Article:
Women in the War

The need for trained medical personnel created new opportunities for women in the military.  Women enlisted as nurses, dieticians, and physical and occupational therapy aides. The military hired women doctors on a contract basis only. Despite their professional training, women were denied military rank and veterans’ benefits. Nevertheless, women were eager to serve their country, and many welcomed the chance for travel and adventure. Congress did not grant all female medical veterans of World War I full veteran status until 1977.

Military medical personnel wore uniforms specific to their work. Women’s uniforms, newly designed for the war, echoed many traditional components of male military uniforms—caps, capes, jackets, insignia. Women typically had both an on-duty (“indoor”) and off-duty (“outdoor”) uniform, garnering them respect as military personnel, even without the benefit of defined rank. For many women, uniforms were a source of pride, representing their patriotism and willingness to serve.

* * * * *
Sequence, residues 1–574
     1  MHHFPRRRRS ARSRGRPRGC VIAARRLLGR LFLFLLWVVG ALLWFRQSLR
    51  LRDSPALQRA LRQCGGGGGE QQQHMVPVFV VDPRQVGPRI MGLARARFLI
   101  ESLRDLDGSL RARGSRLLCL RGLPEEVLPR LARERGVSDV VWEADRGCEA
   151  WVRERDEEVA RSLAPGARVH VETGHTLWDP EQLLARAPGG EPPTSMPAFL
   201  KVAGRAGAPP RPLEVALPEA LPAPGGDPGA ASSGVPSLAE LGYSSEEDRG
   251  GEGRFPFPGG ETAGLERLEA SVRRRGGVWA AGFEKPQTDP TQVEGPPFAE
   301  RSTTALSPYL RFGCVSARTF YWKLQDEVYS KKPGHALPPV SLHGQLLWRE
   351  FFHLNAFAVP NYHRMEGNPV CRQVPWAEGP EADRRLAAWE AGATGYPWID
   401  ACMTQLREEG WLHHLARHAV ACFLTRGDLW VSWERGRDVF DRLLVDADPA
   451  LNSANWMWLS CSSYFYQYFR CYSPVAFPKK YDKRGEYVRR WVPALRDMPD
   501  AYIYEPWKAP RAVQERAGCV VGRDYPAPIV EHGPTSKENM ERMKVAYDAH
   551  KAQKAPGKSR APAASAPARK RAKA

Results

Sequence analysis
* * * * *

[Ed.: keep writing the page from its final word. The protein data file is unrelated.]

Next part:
Nursing recruitment poster, American Red Cross, 1917
Courtesy of Library of Congress

Navy Nurse Corps indoor uniform, about 1917
Sara Cox wore this uniform as one of twenty nurses admitted to the Navy Nurse Corps in 1908. Known as the Sacred Twenty, they were the first women to join the U.S. Navy. Cox served at the Naval Hospital in Washington, D.C., during the war. Born in Canada, she became an American citizen in 1920 through an act of Congress that expedited naturalization for aliens who served in the U.S. military during World War I.

Both U.S. Army and Navy nurses wore the scarlet-lined blue cape, adapted from use by Red Cross nurses. It became a symbol of American nursing at home and abroad.
Gift of The National Society of the Colonial Dames of America

Wounded soldiers and Red Cross nurses watching a parade on Fifth Avenue, New York City, 1919
Courtesy of Library of Congress